I competed in the CW and phone portions of the ARRL DX Contest earlier this year. The CW portion took place February 15-16, 2020, and the phone portion took place March 7-8, 2020. My contest participation is usually casual, and I do not operate for the entire period of the contest. My primary goal during this contest is to work new DX stations.
The ARRL has a page to search contest scores and download copies of certificates earned for contest participation. I usually forget to check, since I never anticipate having a competitive score. When I checked this year, I had a pleasant surprise. In the Single Operator, Low Power category, I placed 3rd in the Georgia Section for both contests!
My preferred method of confirming QSOs is through ARRL’s Logbook of the World. It’s a simple, fast, and easy to use system to confirm contacts and apply for awards. It also saves a ton on postage, since international postage rates are very high. Still, there is something special about receiving a QSL card in the mail after working a rare DX station. In addition to nice keepsakes that have interesting information about the operators and their locations, they are physical proof of the QSOs.
Over the past few months, I have received several new QSL cards. Some are from contacts that took place over a year ago. I have been concentrating on getting confirmations from DX stations in the Middle East, Africa and the Pacific. I really enjoy collecting the cards, and believe they add a personal touch to what are usually very brief DX contacts.
Another benefit from collecting QSL cards is that sometimes the envelopes have some cool stamps!
Some new VUCC 50 MHz endorsement stickers for 150, 175, 200, 225 and 250 grids arrived in the mail today. I am currently at 291 grids confirmed in Logbook of the World, so hopefully I’ll be applying for the 275 and 300 stickers soon.
A few days ago I had the great fortune to work Japan on 6 meters. Today, I was fortunate again to be at the radio during a brief 6 meter opening to western Europe. I was able to complete QSOs with 5 stations – 3 in France, 1 in Guernsey, and 1 in England. The opening lasted less than an hour, and I decoded lots of other stations in western and central Europe that I was not able to work. I am very happy to get the 3 new DXCC countries and 5 new grids.
I was very fortunate to be at the radio during a very brief opening to Japan on 6 meters during the early 2300 UTC hour on July 20th. It only lasted for about 10 minutes, but the signals were fairly strong and I was able to work two stations. It was very exciting! I had one confirmed 6 meter QSO with a station in Japan back in June, but it was really nice to also get two new grids today.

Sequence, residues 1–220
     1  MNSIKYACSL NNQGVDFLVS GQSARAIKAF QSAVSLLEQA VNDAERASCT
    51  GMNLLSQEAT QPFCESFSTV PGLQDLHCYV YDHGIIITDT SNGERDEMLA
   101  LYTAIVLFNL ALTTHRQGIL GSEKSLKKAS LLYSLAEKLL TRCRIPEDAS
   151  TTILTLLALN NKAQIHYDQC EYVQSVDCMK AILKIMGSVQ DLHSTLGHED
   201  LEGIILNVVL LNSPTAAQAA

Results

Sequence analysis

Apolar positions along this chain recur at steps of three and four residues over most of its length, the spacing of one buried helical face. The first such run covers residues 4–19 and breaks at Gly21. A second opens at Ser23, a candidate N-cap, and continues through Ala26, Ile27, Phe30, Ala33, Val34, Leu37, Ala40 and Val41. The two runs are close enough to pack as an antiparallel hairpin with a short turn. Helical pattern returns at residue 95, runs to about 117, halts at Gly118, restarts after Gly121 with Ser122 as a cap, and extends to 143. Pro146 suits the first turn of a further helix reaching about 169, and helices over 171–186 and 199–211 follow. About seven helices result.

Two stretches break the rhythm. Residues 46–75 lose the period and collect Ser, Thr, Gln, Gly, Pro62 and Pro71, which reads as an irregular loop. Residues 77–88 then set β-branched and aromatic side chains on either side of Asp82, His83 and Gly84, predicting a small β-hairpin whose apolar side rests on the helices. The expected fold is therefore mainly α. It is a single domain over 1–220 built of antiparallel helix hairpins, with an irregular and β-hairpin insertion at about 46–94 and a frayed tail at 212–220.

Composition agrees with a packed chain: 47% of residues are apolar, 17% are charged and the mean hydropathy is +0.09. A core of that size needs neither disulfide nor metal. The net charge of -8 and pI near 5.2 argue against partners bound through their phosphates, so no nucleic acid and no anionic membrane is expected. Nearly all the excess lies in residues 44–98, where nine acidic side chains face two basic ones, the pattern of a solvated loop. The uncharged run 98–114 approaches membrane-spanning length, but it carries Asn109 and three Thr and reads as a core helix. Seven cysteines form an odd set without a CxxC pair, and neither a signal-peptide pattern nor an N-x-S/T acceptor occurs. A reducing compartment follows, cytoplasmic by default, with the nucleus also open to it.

The CQ World Wide VHF Contest ran from 1800 UTC (2:00 PM EDT) on Saturday, July 18th, through 2100 UTC (5:00 PM EDT) on Sunday, July 19th. I participated for about 8 hours total at various times on both days. The band conditions were not very good, but there were some short openings to New England, southeastern Canada, the Midwest, and Texas. Despite the less than ideal conditions, I was able to make 56 contacts in 40 different grid squares, for a total score of 2,240.
One of my favorite operating events every year is the 13 Colonies Special Event. This year, the event ran from July 1st through July 7th. The object is to complete QSOs with special event stations in each of the original 13 colonies:
All participants can submit their log sheet to receive a very nice certificate. Confirmed QSOs with each of the 13 K2- colony stations constitutes a “clean sweep”, which is a coveted achievement that is reflected on the certificate. Each station also has a unique QSL card. The stations can appear on all bands and modes. The most difficult station for most U.S. operators is GB13COL, especially when band conditions are unfavorable. Fortunately, GB13COL logs special event contacts for DSTAR (Reflector 063B), DMR (talkgroup 31426), and Yaesu System Fusion (room 28173) contacts. This allows U.S. hams with access to one of those modes an opportunity for a QSO in spite of HF band conditions.
This year I was happy find several of the stations on 6 meters during a great opening on July 5th. I was able to work most of the stations via FT8 on July 5th, along with a few CW and SSB QSOs for a clean sweep. Unfortunately, I was never able to work GB13COL via HF, but I did complete a DSTAR QSO.
Over the Spring and Summer I have been focused mostly on 6 meters, but I also enjoy working DX on the HF bands. I woke up really early this morning, and couldn’t get back to sleep, so I decided to check the bands. Most of the bands were dead, with lots of QRN (static) as is usually the case during the Summer. There were some strong FT8 signals on 40m, so I decided to see if there were any DX stations to work. The band was open to the west, into the Pacific, and I was able to work stations in Alaska, Hawaii, Japan, Australia, and New Caledonia. I didn’t get any new countries, but I still get a thrill from QSOs with stations on the other side of the world!
I’ve mostly been focused on collecting new grids on 6 meters for the VUCC Award, but I’ve also managed to add a few new countries toward a 6 meter DXCC Award. I started this season with only two countries (USA and Canada) confirmed. I am now up to 26. While that’s only 26% of the 100 countries needed for the award, I am happy with the progress. It’s not bad considering that I am working with low power and an omni-directional antenna.
I’m most proud of the QSOs with JA0RUG in Japan (6,866 miles) on June 3rd and TF8KY in Iceland (3,262 miles) on June 20th.